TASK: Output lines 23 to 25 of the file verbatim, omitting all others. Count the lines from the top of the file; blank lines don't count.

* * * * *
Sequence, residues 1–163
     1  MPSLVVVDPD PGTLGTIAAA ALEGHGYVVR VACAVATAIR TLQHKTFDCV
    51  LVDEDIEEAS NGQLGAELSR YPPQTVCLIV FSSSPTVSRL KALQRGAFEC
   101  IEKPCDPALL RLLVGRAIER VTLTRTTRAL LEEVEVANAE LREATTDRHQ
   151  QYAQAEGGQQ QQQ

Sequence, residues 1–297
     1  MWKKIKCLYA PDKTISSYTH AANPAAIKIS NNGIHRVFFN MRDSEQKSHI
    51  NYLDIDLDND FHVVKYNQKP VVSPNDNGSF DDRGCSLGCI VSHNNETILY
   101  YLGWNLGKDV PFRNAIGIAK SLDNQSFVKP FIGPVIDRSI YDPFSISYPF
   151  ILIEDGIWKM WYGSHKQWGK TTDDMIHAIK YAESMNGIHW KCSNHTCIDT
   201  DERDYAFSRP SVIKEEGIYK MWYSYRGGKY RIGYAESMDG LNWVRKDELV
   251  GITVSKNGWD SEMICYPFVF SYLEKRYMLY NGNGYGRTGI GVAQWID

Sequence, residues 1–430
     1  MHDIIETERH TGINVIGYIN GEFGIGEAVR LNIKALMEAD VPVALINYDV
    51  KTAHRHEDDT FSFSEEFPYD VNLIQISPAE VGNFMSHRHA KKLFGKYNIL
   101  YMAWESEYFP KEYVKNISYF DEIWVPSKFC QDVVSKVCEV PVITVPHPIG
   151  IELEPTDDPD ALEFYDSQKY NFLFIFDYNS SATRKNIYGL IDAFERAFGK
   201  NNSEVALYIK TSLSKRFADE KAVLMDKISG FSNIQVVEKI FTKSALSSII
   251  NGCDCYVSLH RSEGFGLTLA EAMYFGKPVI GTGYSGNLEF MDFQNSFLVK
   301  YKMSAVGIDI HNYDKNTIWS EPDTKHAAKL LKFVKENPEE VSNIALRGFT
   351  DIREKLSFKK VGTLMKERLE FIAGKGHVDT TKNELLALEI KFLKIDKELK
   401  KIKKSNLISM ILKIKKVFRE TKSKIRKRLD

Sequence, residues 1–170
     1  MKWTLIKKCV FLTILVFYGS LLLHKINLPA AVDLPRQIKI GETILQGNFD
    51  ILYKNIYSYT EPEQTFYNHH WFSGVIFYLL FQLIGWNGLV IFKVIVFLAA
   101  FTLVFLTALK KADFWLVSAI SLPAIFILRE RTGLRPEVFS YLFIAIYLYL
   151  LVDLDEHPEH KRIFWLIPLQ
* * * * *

Sequence, residues 1–170
     1  MKWTLIKKCV FLTILVFYGS LLLHKINLPA AVDLPRQIKI GETILQGNFD
    51  ILYKNIYSYT EPEQTFYNHH WFSGVIFYLL FQLIGWNGLV IFKVIVFLAA